Steve Jobe has just spent the morning securing a van that can transport his giant hurdy gurdy. “it’s not hard to get it through doorways; it was designed to fit sideways, but the length can be a problem…Looks like a couple rows of seats will have to come out.” The ten-foot “Bosch Hurdy Gurdy”, modeled after the massive instrument visible in a section of the Hieronymus Bosch masterpiece, “The Garden of Earthly Delights”, is on its way to upstate New York. It will be featured in a performance by the Jobe/Redfearn Ensemble slated for Kingston, NY’s Festival of the Arts coming up Saturday of Labor Day Weekend.
It takes two to three people to operate the Bosch Hurdy Gurdy. “A hurdy gurdy is more or less a mechanical violin,’ says Jobe. “where the wheel replaces the bow, vibrating strings, but it’s also a one man band, with melody, rhythm and drones, all in one instrument. The Bosch is a real contra-bass version of the traditional instrument.” He believes it is the largest such instrument ever built. Steve commissioned a huge, carved boar’s head in wood to grace the large peghead of the instrument, emblematic of its ferocious soul and sound.
The Ensemble brings together the aesthetics of two contrasting but complementary, award-winning composers: Rhode Islanders Steven Jobe and Alec Redfearn. Jobe spends most of his time writing operas, his current work being "The Legend of the Fairy Melusine." Redfearn, leader of the heralded band The Eyesores, and key participant in several more, is recognized on both sides of the Atlantic for his prolific originality, “falling somewhere between psych-folk revival and free jazz, constructed from a diverse and unfashionable set of instruments including accordion,” commented a writer for Splendid magazine. Both composers are recipients of RI State Council on the Arts Artists Fellowships and numerous other project grants.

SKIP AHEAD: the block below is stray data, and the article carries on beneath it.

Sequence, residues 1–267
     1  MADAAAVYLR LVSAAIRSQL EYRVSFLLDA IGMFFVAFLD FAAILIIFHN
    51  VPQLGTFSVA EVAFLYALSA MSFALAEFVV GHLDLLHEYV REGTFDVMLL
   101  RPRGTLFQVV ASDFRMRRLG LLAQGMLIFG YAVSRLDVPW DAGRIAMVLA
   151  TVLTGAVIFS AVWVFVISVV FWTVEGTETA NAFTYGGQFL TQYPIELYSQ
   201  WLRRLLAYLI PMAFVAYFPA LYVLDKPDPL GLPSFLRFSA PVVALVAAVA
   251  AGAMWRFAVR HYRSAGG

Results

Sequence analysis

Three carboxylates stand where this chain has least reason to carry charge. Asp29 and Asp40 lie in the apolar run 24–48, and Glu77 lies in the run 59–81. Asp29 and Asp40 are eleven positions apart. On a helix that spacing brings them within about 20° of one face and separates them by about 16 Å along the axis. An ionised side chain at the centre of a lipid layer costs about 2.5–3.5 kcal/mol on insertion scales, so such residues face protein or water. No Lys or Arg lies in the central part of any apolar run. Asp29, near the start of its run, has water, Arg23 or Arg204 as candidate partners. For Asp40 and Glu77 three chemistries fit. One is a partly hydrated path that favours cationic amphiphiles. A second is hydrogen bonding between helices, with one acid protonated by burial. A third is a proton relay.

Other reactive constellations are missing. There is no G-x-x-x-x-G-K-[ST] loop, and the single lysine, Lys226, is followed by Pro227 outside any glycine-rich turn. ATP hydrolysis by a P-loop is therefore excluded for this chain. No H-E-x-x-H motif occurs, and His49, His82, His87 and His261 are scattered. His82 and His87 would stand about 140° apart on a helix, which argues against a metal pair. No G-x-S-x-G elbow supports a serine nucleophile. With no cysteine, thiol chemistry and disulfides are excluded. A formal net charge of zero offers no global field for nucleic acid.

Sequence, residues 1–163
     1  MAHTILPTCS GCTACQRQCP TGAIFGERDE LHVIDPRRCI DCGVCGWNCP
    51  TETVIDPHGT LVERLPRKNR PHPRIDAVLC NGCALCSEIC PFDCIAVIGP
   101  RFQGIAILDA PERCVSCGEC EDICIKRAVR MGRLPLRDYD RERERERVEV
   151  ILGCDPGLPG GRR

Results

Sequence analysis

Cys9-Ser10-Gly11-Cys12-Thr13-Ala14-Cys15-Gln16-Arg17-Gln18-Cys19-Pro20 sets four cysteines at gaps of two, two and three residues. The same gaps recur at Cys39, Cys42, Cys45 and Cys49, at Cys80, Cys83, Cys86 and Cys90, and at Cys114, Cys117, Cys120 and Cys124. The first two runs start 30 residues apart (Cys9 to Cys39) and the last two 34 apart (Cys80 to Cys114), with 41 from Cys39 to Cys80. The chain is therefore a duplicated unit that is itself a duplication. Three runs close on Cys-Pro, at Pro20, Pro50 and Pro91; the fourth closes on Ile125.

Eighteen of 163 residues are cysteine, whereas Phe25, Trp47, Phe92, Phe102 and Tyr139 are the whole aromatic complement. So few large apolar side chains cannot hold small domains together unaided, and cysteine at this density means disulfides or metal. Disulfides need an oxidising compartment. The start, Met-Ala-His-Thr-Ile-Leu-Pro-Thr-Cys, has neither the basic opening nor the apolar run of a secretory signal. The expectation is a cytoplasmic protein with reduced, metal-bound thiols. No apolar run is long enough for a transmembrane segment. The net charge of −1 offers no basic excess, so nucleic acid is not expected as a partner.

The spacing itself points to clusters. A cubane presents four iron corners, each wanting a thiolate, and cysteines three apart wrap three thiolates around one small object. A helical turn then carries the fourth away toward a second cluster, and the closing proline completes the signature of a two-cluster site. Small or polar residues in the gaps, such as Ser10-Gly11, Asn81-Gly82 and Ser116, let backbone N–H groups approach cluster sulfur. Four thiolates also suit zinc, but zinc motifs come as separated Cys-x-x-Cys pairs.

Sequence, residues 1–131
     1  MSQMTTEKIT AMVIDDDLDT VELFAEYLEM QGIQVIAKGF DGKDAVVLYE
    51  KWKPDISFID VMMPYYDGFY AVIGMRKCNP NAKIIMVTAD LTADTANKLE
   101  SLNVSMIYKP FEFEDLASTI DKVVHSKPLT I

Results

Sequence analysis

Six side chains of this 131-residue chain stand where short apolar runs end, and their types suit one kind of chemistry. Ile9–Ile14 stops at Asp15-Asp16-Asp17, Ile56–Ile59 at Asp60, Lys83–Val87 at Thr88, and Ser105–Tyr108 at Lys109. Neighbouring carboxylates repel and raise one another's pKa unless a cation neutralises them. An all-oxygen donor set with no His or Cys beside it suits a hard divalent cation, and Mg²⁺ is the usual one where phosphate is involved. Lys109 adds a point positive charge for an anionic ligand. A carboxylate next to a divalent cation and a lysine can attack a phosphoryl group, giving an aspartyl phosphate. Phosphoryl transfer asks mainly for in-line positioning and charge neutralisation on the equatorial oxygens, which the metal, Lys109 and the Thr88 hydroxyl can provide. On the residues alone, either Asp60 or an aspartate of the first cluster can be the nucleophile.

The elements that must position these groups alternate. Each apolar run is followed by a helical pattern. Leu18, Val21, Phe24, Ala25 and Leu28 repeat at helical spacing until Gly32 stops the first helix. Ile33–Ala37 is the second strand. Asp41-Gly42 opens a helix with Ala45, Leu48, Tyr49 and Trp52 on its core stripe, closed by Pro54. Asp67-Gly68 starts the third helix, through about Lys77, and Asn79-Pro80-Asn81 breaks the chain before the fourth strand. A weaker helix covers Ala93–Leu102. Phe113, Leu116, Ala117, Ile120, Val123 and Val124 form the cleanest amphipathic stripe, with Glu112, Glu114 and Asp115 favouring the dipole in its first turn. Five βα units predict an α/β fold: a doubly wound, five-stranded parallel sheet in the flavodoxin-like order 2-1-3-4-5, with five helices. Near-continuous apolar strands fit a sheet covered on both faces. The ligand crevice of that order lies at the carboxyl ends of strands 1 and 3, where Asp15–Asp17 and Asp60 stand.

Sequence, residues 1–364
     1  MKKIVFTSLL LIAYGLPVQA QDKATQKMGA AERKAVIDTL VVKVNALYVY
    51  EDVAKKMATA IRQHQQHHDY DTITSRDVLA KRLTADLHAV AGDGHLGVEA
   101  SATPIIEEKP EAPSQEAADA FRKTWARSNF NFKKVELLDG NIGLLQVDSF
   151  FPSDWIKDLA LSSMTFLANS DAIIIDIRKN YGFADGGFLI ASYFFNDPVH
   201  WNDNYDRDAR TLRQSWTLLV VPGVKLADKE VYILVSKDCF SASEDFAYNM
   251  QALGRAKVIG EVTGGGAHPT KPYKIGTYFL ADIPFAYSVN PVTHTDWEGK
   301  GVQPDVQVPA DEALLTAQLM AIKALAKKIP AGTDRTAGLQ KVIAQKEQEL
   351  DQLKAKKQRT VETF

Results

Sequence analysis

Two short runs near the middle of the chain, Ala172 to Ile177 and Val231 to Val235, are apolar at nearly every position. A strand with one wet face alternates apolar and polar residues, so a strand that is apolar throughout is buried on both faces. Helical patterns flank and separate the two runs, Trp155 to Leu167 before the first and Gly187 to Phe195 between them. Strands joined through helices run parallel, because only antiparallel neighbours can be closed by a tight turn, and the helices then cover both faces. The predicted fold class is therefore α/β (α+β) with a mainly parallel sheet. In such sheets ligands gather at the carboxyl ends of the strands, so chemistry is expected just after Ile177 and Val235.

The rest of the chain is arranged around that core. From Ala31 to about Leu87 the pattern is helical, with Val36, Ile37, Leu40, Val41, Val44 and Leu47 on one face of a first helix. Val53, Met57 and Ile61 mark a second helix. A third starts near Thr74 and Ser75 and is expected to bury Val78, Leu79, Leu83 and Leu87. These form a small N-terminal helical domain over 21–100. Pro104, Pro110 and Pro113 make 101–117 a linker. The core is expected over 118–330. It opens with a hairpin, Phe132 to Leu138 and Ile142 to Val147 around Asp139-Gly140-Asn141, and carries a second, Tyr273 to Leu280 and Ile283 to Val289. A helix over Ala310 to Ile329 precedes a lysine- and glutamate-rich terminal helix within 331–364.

Besides the giant hurdy gurdy, the effect of which Jobe describes as “a primal hypnotic wave, Jobe/Redfearn features intriguing and colorful instrumentation -- accordion, violin, viola, cello and percussion. In addition, two guest vocalists, Ellen Santinello, with a background that includes opera, early and art music, and Gillian Chadwick, whose vocals range from rock to folk styles, will round out the absorbing, eclectic, impossible-to- categorize sound. Selections range from a dreamy art-song melody by Jobe entitled "Chartres," to a characteristically accordion-infused extravaganza by Redfearn, "Amoebiasis". Completing the ensemble are noted New England instrumentalists Rob Bethel, cello; Matt McClaren, percussion; Laura Gulley, violin, and Bosch crew, Chris Sadlers and Rachel Rosenkrantz. Their experiences include classical and experimental music, instrument making and rock bands.
Jobe/Redfearn Ensemble performs Saturday August 30 at 4 pm at the Old Dutch Church for one show only at the Kingston Festival of the Arts in Kingston, NY. Tickets are $20 and are available on line at http://kingstonfestival.org/buy-tickets or at the door. The Festival runs August 21 to 31.
Artist contact: Steven L. Jobe, 401-345-4320 (phone interviews welcome)
Kingston Festival Contact: 845-331-3261
Article by Laura Travis, WRIU-FM, Kingston, RI